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Solutions Manual for Business Law and the Regulation of Business 12th Edition by Mann IBSN 9781305509559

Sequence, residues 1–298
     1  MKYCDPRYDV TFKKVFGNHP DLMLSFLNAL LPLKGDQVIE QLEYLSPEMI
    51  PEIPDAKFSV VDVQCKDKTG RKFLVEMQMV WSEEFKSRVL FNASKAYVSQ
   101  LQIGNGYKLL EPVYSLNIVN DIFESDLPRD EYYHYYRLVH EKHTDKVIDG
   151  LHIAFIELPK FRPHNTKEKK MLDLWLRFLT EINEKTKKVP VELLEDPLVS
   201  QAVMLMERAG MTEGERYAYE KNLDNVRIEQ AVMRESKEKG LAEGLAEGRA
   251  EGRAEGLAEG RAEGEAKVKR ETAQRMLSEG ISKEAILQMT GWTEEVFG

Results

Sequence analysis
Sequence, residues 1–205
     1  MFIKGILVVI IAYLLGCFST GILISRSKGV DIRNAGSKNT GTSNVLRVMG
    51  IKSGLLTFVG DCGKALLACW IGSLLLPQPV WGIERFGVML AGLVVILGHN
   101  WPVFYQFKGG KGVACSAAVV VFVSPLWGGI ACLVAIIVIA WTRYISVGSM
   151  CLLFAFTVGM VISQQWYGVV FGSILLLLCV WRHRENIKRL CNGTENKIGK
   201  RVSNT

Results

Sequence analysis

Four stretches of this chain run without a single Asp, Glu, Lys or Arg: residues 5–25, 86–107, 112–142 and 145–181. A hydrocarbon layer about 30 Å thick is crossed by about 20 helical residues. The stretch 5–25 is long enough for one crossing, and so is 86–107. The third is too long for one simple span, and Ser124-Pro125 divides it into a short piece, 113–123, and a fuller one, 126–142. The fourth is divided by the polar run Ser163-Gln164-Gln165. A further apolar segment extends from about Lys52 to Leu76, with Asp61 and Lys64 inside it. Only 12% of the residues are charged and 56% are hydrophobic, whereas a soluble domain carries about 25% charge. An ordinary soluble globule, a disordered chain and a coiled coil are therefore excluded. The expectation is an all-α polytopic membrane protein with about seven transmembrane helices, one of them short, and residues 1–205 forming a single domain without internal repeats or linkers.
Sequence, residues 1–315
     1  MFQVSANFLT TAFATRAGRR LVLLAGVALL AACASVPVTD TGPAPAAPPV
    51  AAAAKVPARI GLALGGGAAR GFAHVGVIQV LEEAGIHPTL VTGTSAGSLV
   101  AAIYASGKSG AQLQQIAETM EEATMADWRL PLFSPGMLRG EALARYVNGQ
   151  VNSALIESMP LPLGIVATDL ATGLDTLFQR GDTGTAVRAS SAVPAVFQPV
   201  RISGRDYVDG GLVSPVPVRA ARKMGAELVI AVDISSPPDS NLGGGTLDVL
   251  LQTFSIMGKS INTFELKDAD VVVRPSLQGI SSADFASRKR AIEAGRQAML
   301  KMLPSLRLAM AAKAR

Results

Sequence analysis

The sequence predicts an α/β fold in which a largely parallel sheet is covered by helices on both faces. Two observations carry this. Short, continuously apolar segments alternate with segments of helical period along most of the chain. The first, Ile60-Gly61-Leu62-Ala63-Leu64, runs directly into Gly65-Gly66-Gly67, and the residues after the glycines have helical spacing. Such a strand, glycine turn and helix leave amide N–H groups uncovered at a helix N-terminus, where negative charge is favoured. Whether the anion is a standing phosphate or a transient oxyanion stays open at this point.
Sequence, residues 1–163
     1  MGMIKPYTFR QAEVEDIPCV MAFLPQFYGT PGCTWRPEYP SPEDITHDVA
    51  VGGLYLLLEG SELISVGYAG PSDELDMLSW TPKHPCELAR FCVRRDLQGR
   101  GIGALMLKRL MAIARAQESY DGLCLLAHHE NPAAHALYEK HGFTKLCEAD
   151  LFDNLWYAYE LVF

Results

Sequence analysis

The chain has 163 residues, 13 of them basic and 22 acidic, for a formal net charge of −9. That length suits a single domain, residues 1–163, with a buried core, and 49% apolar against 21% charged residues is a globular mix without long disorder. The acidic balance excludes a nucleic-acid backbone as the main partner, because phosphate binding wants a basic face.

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  1 © 2017 Cengage Learning®. May not be scanned, copied or duplicated, or posted to a publicly accessible website, in whole or in part, except for use as permitted in a license distributed with a certain product or service or otherwise on a password-protected website or school-approved learning management system for classroom use. Chapter 2 BUSINESS ETHICS Law Versus Ethics [2-1] Ethical Responsibilities of Business [2-4] Ethical Theories [2-2] Regulation of Business [2-4a] Ethical Fundamentalism [2-2a] Corporate Governance [2-4b] Ethical Relativism [2-2b] Arguments Against Social Responsibility [2-4c] Utilitarianism [2-2c] Profitability Deontology [2-2d] Unfairness Social Ethics Theories [2-2e] Accountability Other Theories [2-2f] Expertise Ethical Standards in Business [2-3] Arguments in Favor of Social Responsibility [2-4d] Choosing an Ethical System [2-3a] The Social Contract Corporations as Moral Agents [2-3b] Less Government Regulation Long-Run Profits Cases in This Chapter (NOTE: These are not actual court cases, but srcinal vignettes which pose ethical problems in business situations. A discussion guide for each is found prior to the answers to problems at the end of this instructor’s manual chapter.) Pharmacon Drug Company  Mykon’s Dilemma Oliver Winery, Inc  JLM, Inc. Sword Technology, Inc.Vulcan, Inc. Chapter Outcomes  After reading and studying this chapter, the student should be able to: Describe the difference between law and ethics. Compare the various ethical theories. Describe cost-benefit analysis and explain when it should be used and when it should be avoided. Explain Kohlberg’s stages of moral development. Explain the ethical responsibilities of business. TE CHING NOTES Ethics  can be broadly defined as the study of what is right or good for human beings. It pursues the question of what people ought to do and what goals they should pursue. Business ethics , as a branch of applied ethics, is the study and determination of right and good in business settings. Ethical questions apply to relationships among and between: • a business and its employees • a business and its customers • a business and its owners Solutions Manual for Business Law and the Regulation of Business 12th Edition by Mann IBSN 9781305509559 Full Download: http://downloadlink.org/product/solutions-manual-for-business-law-and-the-regulation-of-business-12th-edition-b Full all chapters instant download please go to Solutions Manual, Test Bank site: downloadlink.org  CHAPTER 2 BUSINESS ETHICS 2 © 2017 Cengage Learning®. May not be scanned, copied or duplicated, or posted to a publicly accessible website, in whole or in part, except for use as permitted in a license distributed with a certain product or service or otherwise on a password-protected website or school-approved learning management system for classroom use. • competing businesses • a business and society at large • businesses and countries at an international level In business ethics, it is helpful to employ a seeing-knowing-doing model in which the decision maker follows these steps: • See (identify) the ethical issues in the proposed conduct and any alternative options • Know (resolve) which is the best option • Do (implement) the chosen option 2-1 LAW VERSUS ETHICS *** Chapter Outcome *** Describe the difference between law and ethics. Law is strongly affected by moral concepts (ethics), but law and morality are not the same. Legality is often a reliable guide to ethical behavior, but it cannot be relied upon as a perfect standard. Legal acts may be immoral, illegal acts may be moral. 2-2 ETHICAL THEORIES *** Chapter Outcome *** Compare the various ethical theories. Certain ethical rules are based on theory rather than experimentation ( a priori  reasoning). 2-2a Ethical Fundamentalism Also called absolutism. Individuals look to a central authority or set of rules for guidance, e.g., the Bible, the Koran, the writings of Karl Marx. 2-2b Ethical Relativism A theory under which actions must be judged by what individuals subjectively feel is right or wrong for themselves. Although bearing some similarities, the doctrine of situational ethics  differs substantially in that it requires one to judge another person’s actions by first putting oneself into that person’s situation. 2-2c Utilitarianism Those actions that produce the greatest net pleasure, compared to net pain, are better in a moral sense. Act utilitarianism  assesses each separate act in order to determine whether it produces net pleasure over pain. Rule utilitarianism  supports rules that at their inception would appear to be the best hope of producing maximum  pleasure for the greatest number of people. *** Chapter Outcome *** Describe a cost-benefit analysis and explain when it should be used and when it should be avoided. Utilitarian notions of moral correctness are the basis for the concept of making a cost-benefit analysis  in a managerial decision. The purpose of a cost-benefit analysis is to choose the most cost effective method for  pursuing a goal after comparing the costs and benefits of proposed alternatives. If increasing net wealth, especially on a short-term basis, is the goal, a sound cost-benefit analysis is a helpful tool.  CHAPTER 2 BUSINESS ETHICS 3 © 2017 Cengage Learning®. May not be scanned, copied or duplicated, or posted to a publicly accessible website, in whole or in part, except for use as permitted in a license distributed with a certain product or service or otherwise on a password-protected website or school-approved learning management system for classroom use. 2-2d Deontology From the Greek word deon , meaning duty or obligation; stresses that certain principles are always right or wrong, no matter the outcome. Actions should be judged by means and motives, rather than only results. NOTE: See textbook discussion of Immanuel Kant’s deontological theories. 2-2e Social Ethics Theories Focus on a person’s obligations to other members of society and also on individual rights and obligations. Social egalitarians  believe that society should provide all persons with equal goods and services irrespective of their contributions to the society’s overall wealth. Distributive justice  also considers the needs and rights of all people, yet stresses the equality of opportunity, not of results. Libertarians  claim that differences in wealth simply demonstrate different levels of skill in the marketplace. Taking wealth earned by some and giving it to others is unfair. 2-2f Other Theories Intuitionism  holds that all rational people possess the ability to decide the rightness of an action, though some  people have more insight into ethical behavior than others. The “good person” philosophy  is similar, and declares that to act morally, we should emulate those who seem to always choose the “good” or “right” choice. “Television Test"  judges the appropriateness of a decision based on whether we would be comfortable with having that decision known by all the world, as if it had been broadcast on television. 2-3 ETHICAL STANDARDS IN BUSINESS *** Chapter Outcome *** Explain Kohlberg’s stages of moral development. 2-3a Choosing an Ethical System Kohlberg’s Stages of Moral Development  provides insight into ethical decision making. Under Kohlberg’s model, people progress through stages of moral development basically as a function of age and education. The  pre-conventional  or childhood stage, is one where a person’s moral perspective is based only on a  punishment/reward concept. The conventional  or adolescent stage is one where an individual conforms his  behavior to meet group or peer expectations. Some people may reach the third, or  post-conventional,  adult level where individuals conform to internalized moral principles simply because they understand why the principles are right. NOTE: See Figure 2-1, Kohlberg's Stages of Moral Development Some psychologists assert that most people function in all three of Kohlberg's stages simultaneously. 2-3b Corporations as Moral Agents Because a corporation is a statutorily created entity, is not clear whether it should be held to a standard of moral accountability. 2-4 ETHICAL RESPONSIBILITIES OF BUSINESS Some regulation has always been necessary to check overreaching greed in our system of modified capitalism.  CHAPTER 2 BUSINESS ETHICS 4 © 2017 Cengage Learning®. May not be scanned, copied or duplicated, or posted to a publicly accessible website, in whole or in part, except for use as permitted in a license distributed with a certain product or service or otherwise on a password-protected website or school-approved learning management system for classroom use. *** Chapter Outcome *** Explain the ethical responsibilities of business. 2-4a Regulation of Business According to Adam Smith’s model for the perfect capitalistic system, governmental oversight is necessary, but should be limited. Beyond setting the rules and enforcing them, Smith felt that government should stand aside. Increased governmental intervention has occurred, however, because this model cannot be relied on to achieve objectives such as national defense, conservation of natural resources, health and safety, and social security. Successful government regulation involves carefully balancing regulations that attempt to preserve competition and those that attempt to advance other social objectives. 2-4b Corporate Governance The demand for ethical and social responsibility of business also results from the sheer size, and therefore  power, of individual corporations. Many people — and even members of the corporate community itself —  believe that companies have an obligation to sponsor projects that benefit society in ways beyond the economics of producing goods and services. In July 2010, the Dodd-Frank Wall Street Reform and Consumer Protection Act (Dodd-Frank Act) was enacted, improving accountability and transparency in the financial system, protecting consumers from abusive financial services practices, and improving corporate governance in publicly held companies. 2-4c Arguments Against Social Responsibility Profitability —  Since corporations are artificial entities established for profit-making activities, their only social obligation should be to return as much money as possible to the direct stakeholders, the shareholders. Unfairness —  Whenever corporations engage in social activities such as supporting the arts or education, they divert funds rightfully belonging to the shareholders and/or the employees to unrelated third parties. Accountability —  A corporation may decide to support a variety of social causes but, unlike a governmental  body, will be required to submit to little public scrutiny. Expertise —  Although a corporation may have a high level of expertise in selling its goods and services, it may not be able to carry on social activities with the same degree of competence. 2-4d Arguments in Favor of Social Responsibility A corporation’s primary objective is to make a return on its investment by producing a quality product at a fair  price. Most people agree, however, that corporations have obligations beyond making a profit and avoiding harm to others. The Social Contract —  Since society allows for the creation of corporations and gives them special rights, including a grant of limited liability, this argument holds that corporations reciprocally owe a responsibility to our society. NOTE: See Figure 2-2, The Stakeholder Model. Less Government Regulation —  When corporations act responsibly, regulation becomes unnecessary. In addition, by taking a more proactive role in aiding with society’s problems, corporations create a climate of trust and respect that may make government more lenient in regulations. Long-Run Profits —  Corporate involvement in social causes has the effect of creating goodwill which simply makes good business sense from a long-run profit perspective.  CHAPTER 2 BUSINESS ETHICS 5 © 2017 Cengage Learning®. May not be scanned, copied or duplicated, or posted to a publicly accessible website, in whole or in part, except for use as permitted in a license distributed with a certain product or service or otherwise on a password-protected website or school-approved learning management system for classroom use. CASE Pharmakon Drug Company ISSUES: The general issue  is the appropriateness of affirmative action in the private sector. Does the use of affirmative action when a company is downsizing differ from when a company is hiring or conferring other benefits? The specific issue  is how should Pharmakon implement its layoffs and what criteria should it use? OPTIONS: Layoffs and/or terminations should be based on which one or combination of the following? 1) Cause 2) Merit based on a newly established, reliable, and valid evaluation system 3) Seniority 4) Proportionate (maintain the current percentage of minority employees) 5) Enhancement of minority (increase the percentage of minorities) 6) Encourage voluntary retirement (either with or without incentives) 7) Lottery 8) Pay cuts across the board 9) Other  ANALYSIS OF THE VARIOUS OPTIONS: How does each of the options impact the following goals of Pharmakon?1) Productivity 2) Fiscal soundness 3) Minority presence and preservation of minority gains 4) Employee morale 5) Potential for lawsuits 6) Public and community reaction 7) Shareholder reaction 8) Balancing of rights of current employees against past corporate/societal discrimination DECISION: Have students justify their recommendations.  ADDITIONAL DISCUSSION: • Affirmative Action : Discuss the benefits and costs of affirmative action. • Diversity : How does one place a value on diversity? How should a diversity policy be implemented? • Equality : How is equality determined  —  by outcome or by opportunity? • Political Correctness : What is political correctness? Is it appropriate? Is it relevant to the issues raised in Pharmakon?